Also by this author: Following Jesus in a Digital Age
Published by B Books on August 30, 2022
We were told technology would make our lives easier and more convenient, but technology just seems to have made it more complicated and confusing. As Christians, what does our faith have to do with these pressing issues of life in a digital age?
In Following Jesus in a Digital Age, you will not only be challenged on how technology is shaping your walk with Christ, but you will also be equipped with biblical wisdom to navigate the most difficult aspects of our digital culture—including the rise of misinformation, conspiracy theories, social media, digital privacy, and polarization.
God calls his people to step into the challenges of the digital age from a place of hope and discernment, grounded in His Word. How will you follow Him in the digital age?
I have read a vast number of books about managing life in the digital world. Technology changes so quickly that there are always new things for authors to say, but all the same, I’ve gotten to the point where many of these books run together in my mind, covering similar things in much the same way. Despite that, Jason Thacker surprised me. This book stands out because of the author’s focus on the deeper personal motivations behind people’s destructive behaviors online. However, even though he aims for the human heart, he doesn’t just focus on the personal effects of device misuse. He takes a broader view, addressing issues like deep fakes, conspiracy theories, propaganda, privacy, algorithmic echo chambers, and polarization.
Thoughtful and Realistic
Thacker raises awareness of new dangers that are coming as technology continues to advance, but he also reminds us that every generational group feels unprepared to face new and different challenges, and that we can’t just give up and disengage from the world that God has called us to serve. I appreciated his realistic assessment of our challenges and his hope-filled encouragements, and he shares insights for how people can seek wisdom, truth, responsibility, and a healthy sense of identity in the midst of digital pressures that are shaping and discipling them in ways that are contrary to God’s design and human flourishing. He also challenges us to consider our own self-righteousness and the ease of decrying other people’s problematic ideas and behaviors while ignoring our own.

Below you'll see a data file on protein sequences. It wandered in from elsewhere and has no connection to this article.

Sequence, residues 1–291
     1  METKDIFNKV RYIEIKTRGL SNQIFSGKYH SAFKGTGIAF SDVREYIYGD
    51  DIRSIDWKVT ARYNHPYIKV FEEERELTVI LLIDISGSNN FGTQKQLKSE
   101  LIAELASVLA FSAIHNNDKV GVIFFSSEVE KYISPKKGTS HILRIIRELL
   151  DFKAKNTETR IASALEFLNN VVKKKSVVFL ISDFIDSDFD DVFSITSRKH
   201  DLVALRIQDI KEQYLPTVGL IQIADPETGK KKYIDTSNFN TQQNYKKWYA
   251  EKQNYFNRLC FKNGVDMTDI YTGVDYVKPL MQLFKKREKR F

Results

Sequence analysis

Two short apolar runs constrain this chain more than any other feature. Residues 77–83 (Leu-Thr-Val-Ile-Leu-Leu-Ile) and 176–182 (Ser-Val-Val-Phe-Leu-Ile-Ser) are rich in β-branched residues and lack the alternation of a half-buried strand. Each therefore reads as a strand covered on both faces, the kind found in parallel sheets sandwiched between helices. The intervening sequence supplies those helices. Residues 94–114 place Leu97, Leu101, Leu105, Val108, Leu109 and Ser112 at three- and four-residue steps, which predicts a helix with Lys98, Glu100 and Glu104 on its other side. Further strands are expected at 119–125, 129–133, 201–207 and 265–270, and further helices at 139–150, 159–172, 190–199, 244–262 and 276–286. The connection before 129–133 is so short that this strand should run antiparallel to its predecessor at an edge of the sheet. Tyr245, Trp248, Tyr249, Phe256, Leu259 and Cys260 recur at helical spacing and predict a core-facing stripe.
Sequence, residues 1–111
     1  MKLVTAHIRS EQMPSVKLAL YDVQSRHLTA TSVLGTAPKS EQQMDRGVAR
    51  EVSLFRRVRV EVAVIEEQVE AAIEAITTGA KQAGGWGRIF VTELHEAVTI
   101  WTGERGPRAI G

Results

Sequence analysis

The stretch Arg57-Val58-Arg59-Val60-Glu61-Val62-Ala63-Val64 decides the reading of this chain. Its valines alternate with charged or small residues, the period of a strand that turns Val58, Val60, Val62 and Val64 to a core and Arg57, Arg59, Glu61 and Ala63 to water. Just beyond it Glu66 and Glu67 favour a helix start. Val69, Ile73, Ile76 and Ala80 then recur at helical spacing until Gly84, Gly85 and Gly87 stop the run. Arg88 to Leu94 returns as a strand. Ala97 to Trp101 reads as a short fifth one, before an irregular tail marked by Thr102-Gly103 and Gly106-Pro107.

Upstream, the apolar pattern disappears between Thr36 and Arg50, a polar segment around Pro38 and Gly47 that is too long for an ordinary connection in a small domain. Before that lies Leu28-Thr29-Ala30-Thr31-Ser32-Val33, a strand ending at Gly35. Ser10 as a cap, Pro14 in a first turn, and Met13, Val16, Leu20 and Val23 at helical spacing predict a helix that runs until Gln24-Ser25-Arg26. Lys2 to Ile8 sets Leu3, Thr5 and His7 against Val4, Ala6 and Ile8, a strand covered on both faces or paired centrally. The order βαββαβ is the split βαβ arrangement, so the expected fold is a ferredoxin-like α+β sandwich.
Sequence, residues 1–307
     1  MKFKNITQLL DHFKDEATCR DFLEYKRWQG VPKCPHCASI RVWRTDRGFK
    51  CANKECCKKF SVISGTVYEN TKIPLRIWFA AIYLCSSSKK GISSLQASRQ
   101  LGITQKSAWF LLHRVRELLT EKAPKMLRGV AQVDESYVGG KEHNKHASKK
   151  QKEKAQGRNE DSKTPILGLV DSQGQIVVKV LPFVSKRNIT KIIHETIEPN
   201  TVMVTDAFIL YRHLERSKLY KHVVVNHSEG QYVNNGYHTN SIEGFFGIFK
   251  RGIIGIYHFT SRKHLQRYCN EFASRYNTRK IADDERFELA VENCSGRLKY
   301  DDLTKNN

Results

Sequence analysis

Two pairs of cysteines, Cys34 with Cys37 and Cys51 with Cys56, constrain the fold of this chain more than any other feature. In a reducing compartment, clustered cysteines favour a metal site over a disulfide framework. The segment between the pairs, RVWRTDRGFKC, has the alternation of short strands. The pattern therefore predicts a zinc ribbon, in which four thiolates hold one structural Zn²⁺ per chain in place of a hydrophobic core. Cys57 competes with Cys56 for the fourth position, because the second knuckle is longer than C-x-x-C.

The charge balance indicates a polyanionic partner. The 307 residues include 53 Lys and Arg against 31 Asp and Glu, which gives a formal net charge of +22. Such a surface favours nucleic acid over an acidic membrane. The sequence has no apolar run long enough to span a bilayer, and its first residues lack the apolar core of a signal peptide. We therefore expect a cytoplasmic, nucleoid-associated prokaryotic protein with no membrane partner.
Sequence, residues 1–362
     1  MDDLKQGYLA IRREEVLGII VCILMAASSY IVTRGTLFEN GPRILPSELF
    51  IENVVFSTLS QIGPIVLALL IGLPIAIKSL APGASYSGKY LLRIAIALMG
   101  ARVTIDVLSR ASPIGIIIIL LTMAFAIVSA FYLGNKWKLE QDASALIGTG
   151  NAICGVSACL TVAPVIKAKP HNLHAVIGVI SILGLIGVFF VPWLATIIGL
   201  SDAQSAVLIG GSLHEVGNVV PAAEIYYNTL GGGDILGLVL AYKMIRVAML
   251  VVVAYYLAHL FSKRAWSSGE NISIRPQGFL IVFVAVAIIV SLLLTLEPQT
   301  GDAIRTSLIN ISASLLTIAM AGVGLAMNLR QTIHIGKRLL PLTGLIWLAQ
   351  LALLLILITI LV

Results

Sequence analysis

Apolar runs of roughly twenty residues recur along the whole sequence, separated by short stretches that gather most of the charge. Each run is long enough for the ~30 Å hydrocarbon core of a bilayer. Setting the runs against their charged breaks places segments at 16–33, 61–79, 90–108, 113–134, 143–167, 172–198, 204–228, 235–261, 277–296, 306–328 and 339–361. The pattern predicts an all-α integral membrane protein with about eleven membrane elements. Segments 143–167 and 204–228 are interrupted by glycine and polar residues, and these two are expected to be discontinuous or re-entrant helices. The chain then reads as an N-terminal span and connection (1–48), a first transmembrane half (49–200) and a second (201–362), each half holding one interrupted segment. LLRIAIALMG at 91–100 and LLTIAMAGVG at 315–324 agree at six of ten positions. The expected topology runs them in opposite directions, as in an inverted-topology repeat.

Thacker emphasizes the importance of Christian virtue online, challenging people to rise above hostile social norms. My favorite part of Following Jesus in a Digital Age is how he asks probing questions about different topics, getting people to consider their own motivations. For example, if someone always feels driven to be the expert on a given topic, he encourages them to evaluate why they care so much about seeming well-read, or if they ever take an opportunity to learn from others when it comes to things they are less knowledgeable about. The various questions are open-ended and broad enough that anyone can experience conviction and consider ways to change, even when they don’t relate to some of the sections.
Thacker provides historical and ethical context for each of the issues he brings up, and for the most part, he handles them in a well-balanced, fair way. However, I found a few of his implications frustrating. The biggest issue I have is how he handled the subject of distrusting the media. He focuses on how people reject news stories out of confirmation bias and tribal instincts, but never adequately acknowledges how much the media has failed people.
There are about two media outlets that I trust not to knowingly lie to me, and that’s it. That’s not because I’m seeking news that aligns with everything I think, but because I’ve put tremendous effort into evaluating news sources and following stories to see where other writers challenge someone’s deceptive omissions. There are individual journalists out there doing excellent jobs and aiming for high standards, but I cannot trust the media overall, and that’s not my fault.
Following Jesus in a Digital Age is a great resource for teenagers and adults who want to think deeply about societal issues and evaluate their own hearts and minds when it comes to technology. It would also make a good selection for a book club, provided that the members will be charitable and not devolve into petty debates. On that note, the book concludes with a short appendix for leaders, in which Thacker briefly addresses ways that pastors and other ministry leaders can set good examples for others and shape helpful discourse about technology within their contexts. This book is a helpful resource for people who are concerned about the social norms they see around them and what they recognize within their own hearts, and I definitely recommend it.